OSA's Digital Library

Biomedical Optics Express

Biomedical Optics Express

  • Editor: Joseph A. Izatt
  • Vol. 5, Iss. 4 — Apr. 1, 2014
  • pp: 990–999

Continuous noninvasive monitoring of changes in human skin optical properties during oral intake of different sugars with optical coherence tomography

Yuqing Zhang, Guoyong Wu, Huajiang Wei, Zhouyi Guo, Hongqin Yang, Yonghong He, Shusen Xie, and Ying Liu  »View Author Affiliations


Biomedical Optics Express, Vol. 5, Issue 4, pp. 990-999 (2014)
http://dx.doi.org/10.1364/BOE.5.000990


View Full Text Article

Enhanced HTML    Acrobat PDF (1444 KB)





Browse Journals / Lookup Meetings

Browse by Journal and Year


   


Lookup Conference Papers

Close Browse Journals / Lookup Meetings

Article Tools

Share
Citations

Abstract

The objective of this study was to evaluate the effects of blood glucose concentration (BGC) on in vivo human skin optical properties after oral intake of different sugars. In vivo optical properties of human skin were measured with a spectral domain optical coherence tomography (SD-OCT). Experimental results show that increase of BGC causes a decrease in the skin attenuation coefficient. And the maximum decrements in mean attenuation coefficient of skin tissue after drinking glucose, sucrose and fructose solution are 47.0%, 36.4% and 16.5% compared with that after drinking water, respectively (p < 0.05). The results also show that blood glucose levels of the forearm skin tissue are delayed compared with finger-stick blood glucose, and there are significant differences in the time delays after oral intake of different sugars. The time delay between mean attenuation coefficient and BGC after drinking glucose solution is evidently larger than that after drinking sucrose solution, and that after drinking sucrose solution is larger than that after drinking fructose solution. Our pilot studies indicate that OCT technique is capable of non-invasive, real-time, and sensitive monitoring of skin optical properties in human subjects during oral intake of different sugars.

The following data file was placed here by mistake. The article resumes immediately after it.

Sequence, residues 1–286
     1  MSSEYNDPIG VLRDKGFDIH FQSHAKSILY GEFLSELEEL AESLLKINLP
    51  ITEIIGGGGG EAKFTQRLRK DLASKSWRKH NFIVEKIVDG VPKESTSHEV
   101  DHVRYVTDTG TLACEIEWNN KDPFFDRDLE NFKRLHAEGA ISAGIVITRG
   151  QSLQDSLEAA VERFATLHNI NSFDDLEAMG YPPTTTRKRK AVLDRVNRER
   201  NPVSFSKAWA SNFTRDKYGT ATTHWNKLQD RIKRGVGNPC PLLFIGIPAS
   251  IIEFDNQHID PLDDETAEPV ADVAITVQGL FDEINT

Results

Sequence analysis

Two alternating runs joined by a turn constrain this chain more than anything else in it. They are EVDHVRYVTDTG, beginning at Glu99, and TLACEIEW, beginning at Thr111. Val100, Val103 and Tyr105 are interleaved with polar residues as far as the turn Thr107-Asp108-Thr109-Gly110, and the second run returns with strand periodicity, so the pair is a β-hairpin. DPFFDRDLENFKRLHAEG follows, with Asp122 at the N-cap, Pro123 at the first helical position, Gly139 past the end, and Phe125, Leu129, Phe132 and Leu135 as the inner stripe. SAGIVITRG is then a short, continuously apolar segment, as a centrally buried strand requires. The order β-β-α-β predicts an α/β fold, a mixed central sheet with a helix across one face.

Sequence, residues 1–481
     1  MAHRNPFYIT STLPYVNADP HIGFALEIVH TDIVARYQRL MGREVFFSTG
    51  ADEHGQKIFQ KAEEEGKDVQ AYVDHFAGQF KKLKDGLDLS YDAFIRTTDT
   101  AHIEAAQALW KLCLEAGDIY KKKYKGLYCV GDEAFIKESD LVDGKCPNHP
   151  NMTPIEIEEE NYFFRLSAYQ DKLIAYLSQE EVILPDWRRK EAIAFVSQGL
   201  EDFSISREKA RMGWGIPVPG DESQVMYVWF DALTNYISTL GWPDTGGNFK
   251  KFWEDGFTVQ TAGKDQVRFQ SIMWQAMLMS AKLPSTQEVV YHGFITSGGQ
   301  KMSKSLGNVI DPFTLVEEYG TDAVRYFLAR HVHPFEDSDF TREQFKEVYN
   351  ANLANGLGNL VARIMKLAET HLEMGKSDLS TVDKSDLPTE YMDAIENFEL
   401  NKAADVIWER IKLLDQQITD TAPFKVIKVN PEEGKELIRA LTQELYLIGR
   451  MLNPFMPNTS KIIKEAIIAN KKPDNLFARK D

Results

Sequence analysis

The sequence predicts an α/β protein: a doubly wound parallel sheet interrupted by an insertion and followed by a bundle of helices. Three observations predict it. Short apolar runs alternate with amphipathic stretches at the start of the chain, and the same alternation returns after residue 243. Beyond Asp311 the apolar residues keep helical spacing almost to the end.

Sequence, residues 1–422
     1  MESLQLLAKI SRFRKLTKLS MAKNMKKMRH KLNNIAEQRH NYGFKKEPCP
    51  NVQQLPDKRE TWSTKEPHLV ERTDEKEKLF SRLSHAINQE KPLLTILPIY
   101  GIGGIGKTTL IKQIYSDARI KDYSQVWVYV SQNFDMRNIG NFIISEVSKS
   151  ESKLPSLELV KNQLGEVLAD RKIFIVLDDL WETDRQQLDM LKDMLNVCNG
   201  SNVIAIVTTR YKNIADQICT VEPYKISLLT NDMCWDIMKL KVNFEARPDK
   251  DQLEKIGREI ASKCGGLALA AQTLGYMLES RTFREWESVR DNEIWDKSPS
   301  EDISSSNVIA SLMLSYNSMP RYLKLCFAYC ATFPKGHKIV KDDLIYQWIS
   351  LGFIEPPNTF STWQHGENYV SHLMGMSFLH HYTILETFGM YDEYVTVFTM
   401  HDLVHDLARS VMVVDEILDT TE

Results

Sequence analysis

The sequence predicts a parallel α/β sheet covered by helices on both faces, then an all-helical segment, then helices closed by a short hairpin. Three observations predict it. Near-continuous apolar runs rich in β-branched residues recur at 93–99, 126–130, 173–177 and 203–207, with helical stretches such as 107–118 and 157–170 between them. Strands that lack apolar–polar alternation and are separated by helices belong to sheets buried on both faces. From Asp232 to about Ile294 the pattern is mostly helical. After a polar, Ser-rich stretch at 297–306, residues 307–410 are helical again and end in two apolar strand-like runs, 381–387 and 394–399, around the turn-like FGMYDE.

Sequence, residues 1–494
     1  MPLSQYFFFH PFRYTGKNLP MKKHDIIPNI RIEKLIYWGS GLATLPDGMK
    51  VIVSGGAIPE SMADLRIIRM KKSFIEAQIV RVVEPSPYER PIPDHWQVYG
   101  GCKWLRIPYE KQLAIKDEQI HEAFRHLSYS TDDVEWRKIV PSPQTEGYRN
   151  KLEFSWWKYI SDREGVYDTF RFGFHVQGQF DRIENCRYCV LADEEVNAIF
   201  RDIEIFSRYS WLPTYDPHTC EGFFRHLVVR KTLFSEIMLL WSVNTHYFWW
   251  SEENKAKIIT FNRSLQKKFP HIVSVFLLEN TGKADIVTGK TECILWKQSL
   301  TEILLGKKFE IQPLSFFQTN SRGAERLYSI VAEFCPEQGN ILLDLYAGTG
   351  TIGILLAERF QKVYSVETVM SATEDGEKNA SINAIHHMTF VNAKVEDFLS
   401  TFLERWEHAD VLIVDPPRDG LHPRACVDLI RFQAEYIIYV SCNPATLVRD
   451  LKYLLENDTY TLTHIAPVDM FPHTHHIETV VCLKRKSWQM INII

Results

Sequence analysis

© 2014 Optical Society of America

OCIS Codes
(100.2960) Image processing : Image analysis
(110.4500) Imaging systems : Optical coherence tomography
(170.3880) Medical optics and biotechnology : Medical and biological imaging

ToC Category:
Noninvasive Optical Diagnostics

History
Original Manuscript: December 3, 2013
Revised Manuscript: January 14, 2014
Manuscript Accepted: February 12, 2014
Published: February 28, 2014

Citation
Yuqing Zhang, Guoyong Wu, Huajiang Wei, Zhouyi Guo, Hongqin Yang, Yonghong He, Shusen Xie, and Ying Liu, "Continuous noninvasive monitoring of changes in human skin optical properties during oral intake of different sugars with optical coherence tomography," Biomed. Opt. Express 5, 990-999 (2014)
http://www.opticsinfobase.org/boe/abstract.cfm?URI=boe-5-4-990


Sort:  Author  |  Year  |  Journal  |  Reset  

References

  1. X. X. Guo, A. Mandelis, and B. Zinman, “Noninvasive glucose detection in human skin using wavelength modulated differential laser photothermal radiometry,” Biomed. Opt. Express3(11), 3012–3021 (2012). [CrossRef] [PubMed]
  2. S. Wild, G. Roglic, A. Green, R. Sicree, and H. King, “Global prevalence of diabetes: estimates for the year 2000 and projections for 2030,” Diabetes Care27(5), 1047–1053 (2004). [CrossRef] [PubMed]
  3. D. Daneman, “Type 1 diabetes,” Lancet367(9513), 847–858 (2006). [CrossRef] [PubMed]
  4. M. Stumvoll, B. J. Goldstein, and T. W. van Haeften, “Type 2 diabetes: principles of pathogenesis and therapy,” Lancet365(9467), 1333–1346 (2005). [CrossRef] [PubMed]
  5. J. Y. Qu and B. C. Wilson, “Monte Carlo modeling studies of the effect of physiological factors andother analytes on the determination of glucose concentration in vivoby near infrared optical absorption and scattering measurements,” J. Biomed. Opt.2(3), 319–325 (1997). [CrossRef] [PubMed]